Preface – Mastering Windows Security and Hardening


Throughout this book, you will be provided with the knowledge needed to protect your Windows environment and the users that access it. It will cover a variety of topics that go beyond the hardening of just the operating system, including the management of devices, baselining, hardware, virtualization, networking, identity management, security operations, monitoring, auditing, and testing. The goal is to ensure that you understand the foundation of and multiple layers involved in providing improved protection for your Windows systems.

Since this is a book about security, it's important to understand what the core principles are that form an information security model and foundation. These principles are known as the CIA triad, which represents confidentiality, integrity, and availability. If you have pursued a security certification, such as the CISSP or Security +, certification for example, you will be very familiar with this model. If not, it is recommended that you familiarize yourself with it as a security professional. This book will not go into detail about the CIA triad but, as with any security, the concepts provided in this book will help you to ensure the confidentiality, integrity, and availability of information on the Windows systems you manage. At a high level, CIA represents the following:

  • Confidentiality involves ensuring that no one other than those authorized access information.
  • Integrity involves ensuring that the information being protected is original and has not been modified without the correct authorization.
  • Availability involves ensuring that information is always available when access is needed.

The book is split into three sections to help guide you and provide the understanding and knowledge needed to implement a solid Windows security foundation within your organization. The first section provides an overview of the fundamentals, including an overview of the management tools for the Windows server and client environment, and a review of the management models used to manage Windows systems and the importance of each of them. This section will also cover the concept of baselining and the importance of following a standard with defined procedures and processes that have leadership support and sign-off.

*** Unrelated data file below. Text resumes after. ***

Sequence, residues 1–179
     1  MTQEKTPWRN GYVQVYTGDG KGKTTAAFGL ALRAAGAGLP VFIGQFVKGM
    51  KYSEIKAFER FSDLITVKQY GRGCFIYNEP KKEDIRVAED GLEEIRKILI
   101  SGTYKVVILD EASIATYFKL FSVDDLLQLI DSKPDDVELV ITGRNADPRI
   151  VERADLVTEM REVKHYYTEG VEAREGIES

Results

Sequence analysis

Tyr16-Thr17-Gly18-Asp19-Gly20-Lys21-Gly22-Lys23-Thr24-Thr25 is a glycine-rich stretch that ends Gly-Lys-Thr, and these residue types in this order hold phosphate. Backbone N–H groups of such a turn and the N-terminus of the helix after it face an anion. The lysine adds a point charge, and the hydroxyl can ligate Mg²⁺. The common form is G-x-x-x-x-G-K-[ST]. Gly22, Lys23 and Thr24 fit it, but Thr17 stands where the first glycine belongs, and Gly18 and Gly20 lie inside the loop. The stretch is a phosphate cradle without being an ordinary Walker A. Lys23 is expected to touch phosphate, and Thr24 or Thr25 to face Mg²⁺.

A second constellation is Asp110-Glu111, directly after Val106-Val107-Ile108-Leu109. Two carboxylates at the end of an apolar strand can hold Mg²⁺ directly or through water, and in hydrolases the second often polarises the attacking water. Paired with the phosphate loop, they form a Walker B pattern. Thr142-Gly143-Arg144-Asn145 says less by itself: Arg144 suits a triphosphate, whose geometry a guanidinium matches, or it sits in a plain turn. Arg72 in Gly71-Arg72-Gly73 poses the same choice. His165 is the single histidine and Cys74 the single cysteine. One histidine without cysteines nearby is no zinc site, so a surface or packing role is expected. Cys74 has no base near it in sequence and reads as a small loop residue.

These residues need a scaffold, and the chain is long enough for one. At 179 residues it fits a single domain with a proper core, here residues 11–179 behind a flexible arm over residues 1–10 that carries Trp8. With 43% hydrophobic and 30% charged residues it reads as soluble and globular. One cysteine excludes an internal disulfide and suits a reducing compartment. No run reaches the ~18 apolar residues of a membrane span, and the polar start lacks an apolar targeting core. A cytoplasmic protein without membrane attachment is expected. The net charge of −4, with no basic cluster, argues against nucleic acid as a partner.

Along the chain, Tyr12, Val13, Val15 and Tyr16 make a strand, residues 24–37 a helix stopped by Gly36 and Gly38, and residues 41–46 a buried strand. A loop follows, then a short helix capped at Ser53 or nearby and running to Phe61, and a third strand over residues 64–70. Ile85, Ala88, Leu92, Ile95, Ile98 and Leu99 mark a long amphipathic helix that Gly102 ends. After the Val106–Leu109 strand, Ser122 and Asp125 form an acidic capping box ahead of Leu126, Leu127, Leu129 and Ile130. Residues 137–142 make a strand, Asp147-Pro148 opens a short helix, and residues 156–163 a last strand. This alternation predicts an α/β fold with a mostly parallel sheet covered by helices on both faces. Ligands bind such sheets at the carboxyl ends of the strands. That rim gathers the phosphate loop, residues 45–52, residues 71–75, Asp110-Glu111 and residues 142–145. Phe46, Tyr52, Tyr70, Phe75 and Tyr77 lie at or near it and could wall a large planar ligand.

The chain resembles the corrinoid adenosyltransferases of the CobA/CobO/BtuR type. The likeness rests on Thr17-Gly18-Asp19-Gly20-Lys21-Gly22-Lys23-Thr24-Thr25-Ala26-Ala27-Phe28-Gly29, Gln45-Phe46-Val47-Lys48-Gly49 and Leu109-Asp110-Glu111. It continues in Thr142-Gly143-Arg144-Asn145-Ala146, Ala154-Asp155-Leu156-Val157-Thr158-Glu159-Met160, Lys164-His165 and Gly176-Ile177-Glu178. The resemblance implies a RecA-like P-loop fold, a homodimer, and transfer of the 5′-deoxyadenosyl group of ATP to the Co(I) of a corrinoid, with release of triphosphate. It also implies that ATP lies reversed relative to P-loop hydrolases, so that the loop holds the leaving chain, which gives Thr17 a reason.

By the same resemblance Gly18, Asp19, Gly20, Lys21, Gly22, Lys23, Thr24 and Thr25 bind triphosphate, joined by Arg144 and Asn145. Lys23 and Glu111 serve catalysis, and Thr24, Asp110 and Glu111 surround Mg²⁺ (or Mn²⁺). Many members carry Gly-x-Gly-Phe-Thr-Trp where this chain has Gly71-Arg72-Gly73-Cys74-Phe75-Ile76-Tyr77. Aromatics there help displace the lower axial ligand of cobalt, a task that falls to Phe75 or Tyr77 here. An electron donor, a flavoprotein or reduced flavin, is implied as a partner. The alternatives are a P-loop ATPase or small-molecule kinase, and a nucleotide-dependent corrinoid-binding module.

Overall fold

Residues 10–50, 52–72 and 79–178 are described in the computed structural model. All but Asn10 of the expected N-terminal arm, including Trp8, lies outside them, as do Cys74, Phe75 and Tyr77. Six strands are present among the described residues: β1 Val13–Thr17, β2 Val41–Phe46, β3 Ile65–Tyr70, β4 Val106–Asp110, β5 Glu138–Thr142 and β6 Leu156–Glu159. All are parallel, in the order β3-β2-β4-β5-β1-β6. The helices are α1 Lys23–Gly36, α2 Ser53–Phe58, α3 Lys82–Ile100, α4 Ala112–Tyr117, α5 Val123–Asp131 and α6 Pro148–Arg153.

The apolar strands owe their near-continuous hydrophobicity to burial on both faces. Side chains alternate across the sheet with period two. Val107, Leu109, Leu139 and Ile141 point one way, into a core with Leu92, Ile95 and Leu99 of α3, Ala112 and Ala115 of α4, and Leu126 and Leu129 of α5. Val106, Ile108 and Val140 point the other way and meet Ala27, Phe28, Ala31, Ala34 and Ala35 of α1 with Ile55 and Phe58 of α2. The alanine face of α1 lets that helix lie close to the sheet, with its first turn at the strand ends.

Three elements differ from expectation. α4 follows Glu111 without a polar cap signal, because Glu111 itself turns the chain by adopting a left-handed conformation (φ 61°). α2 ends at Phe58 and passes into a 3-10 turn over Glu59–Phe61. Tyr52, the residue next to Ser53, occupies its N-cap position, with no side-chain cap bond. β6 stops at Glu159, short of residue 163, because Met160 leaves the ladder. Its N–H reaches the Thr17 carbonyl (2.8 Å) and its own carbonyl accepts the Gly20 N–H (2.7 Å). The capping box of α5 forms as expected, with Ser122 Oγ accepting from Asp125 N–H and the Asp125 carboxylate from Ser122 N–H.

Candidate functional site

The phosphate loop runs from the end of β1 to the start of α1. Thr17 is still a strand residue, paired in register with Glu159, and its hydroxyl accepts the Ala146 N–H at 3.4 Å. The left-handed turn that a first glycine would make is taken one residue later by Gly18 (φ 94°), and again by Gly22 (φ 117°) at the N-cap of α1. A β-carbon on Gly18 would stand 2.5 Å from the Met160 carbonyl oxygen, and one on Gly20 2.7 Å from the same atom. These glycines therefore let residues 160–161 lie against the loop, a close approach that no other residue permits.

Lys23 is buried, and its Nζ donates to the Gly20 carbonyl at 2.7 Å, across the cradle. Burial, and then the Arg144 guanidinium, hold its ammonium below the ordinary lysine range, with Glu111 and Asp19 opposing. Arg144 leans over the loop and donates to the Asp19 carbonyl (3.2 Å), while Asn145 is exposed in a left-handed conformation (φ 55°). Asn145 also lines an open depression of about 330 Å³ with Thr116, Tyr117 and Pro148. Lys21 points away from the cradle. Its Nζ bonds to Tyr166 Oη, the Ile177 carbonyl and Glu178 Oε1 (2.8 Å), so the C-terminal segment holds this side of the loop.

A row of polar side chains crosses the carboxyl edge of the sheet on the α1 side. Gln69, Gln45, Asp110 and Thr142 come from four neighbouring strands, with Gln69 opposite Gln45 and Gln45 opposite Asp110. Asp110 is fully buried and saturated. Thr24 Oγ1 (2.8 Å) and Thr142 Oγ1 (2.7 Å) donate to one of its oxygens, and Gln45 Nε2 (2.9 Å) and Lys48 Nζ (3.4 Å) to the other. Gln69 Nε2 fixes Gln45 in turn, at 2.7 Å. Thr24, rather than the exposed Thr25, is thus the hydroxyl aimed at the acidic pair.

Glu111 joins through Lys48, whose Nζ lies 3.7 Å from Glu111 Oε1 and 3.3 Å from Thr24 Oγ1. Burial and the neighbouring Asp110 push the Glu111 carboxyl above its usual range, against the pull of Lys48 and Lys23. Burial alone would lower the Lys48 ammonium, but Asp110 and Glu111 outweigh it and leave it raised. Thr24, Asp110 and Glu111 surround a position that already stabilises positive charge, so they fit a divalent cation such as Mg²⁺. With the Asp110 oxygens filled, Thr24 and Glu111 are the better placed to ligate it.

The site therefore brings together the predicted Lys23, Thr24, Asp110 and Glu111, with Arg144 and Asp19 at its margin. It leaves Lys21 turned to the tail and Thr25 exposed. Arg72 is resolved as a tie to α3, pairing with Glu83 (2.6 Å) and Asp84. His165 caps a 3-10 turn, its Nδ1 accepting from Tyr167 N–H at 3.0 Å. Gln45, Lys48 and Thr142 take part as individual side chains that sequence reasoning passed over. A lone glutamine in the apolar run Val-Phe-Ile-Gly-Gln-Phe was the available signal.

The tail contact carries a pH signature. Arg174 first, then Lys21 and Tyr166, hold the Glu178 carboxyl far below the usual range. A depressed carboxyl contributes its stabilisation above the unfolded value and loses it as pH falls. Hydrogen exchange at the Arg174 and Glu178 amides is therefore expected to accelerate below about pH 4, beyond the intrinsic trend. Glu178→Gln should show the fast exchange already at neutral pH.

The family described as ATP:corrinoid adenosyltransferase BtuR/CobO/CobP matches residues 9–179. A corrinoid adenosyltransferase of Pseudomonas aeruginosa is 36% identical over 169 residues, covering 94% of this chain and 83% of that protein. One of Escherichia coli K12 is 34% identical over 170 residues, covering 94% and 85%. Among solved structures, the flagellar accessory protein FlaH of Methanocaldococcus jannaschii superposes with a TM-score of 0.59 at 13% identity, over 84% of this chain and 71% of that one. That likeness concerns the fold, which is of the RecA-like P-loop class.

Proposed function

In the second section, we will dive into the technical aspects of what is needed to apply security and hardening to your Windows environment. This section will not only provide the technical details of how to harden both the Windows server and client OS, but we will review all the different management scenarios and the importance of administration and remote management from a security standpoint. Most importantly, ensuring secure administration and the remote management of your Windows systems is vital. We will review the networking components as they relate to the hardening of Windows and then provide information about identity and access management and how critical the protection of identity has become in the digital world today.

The final section provides more of an operational focus on how to best protect and monitor your Windows environment. It is critical for your security program to not only implement the recommended security controls but validate that controls are in place. To do this effectively, we need to perform auditing and testing against the configurations implemented to harden Windows environments. In addition, it's just as important to monitor environments and provide reporting. We will look at an in-depth overview of the security operations program and discuss the tools that can be used for efficient incident management.

We will primarily focus on the most current versions of Windows available today, including Windows Server 2019, Windows 10, and the resources available within Microsoft Azure. We understand migrating to the latest Windows OS and shifting workloads from on-premises to the cloud is not an overnight task and may take years. In general, the concepts we provide throughout this book can be used within most configurations of Windows but could vary slightly depending on the build or version. Upgrading to the latest version of Windows is critical to the overall hardening of your systems and should be a driving factor to push your migrations forward. It is strongly recommended to upgrade as soon as possible as Microsoft will no longer release security patches or offer support for deprecated versions.

Who this book is for

This book is intended to educate the technical and security community, which includes the following roles:

  • Microsoft security, cloud, and technical roles such as engineers, analysts, architects, and administrators
  • Anyone involved with the management of a Windows environment
  • All technical related security roles
  • Technical/security managers and directors

What this book covers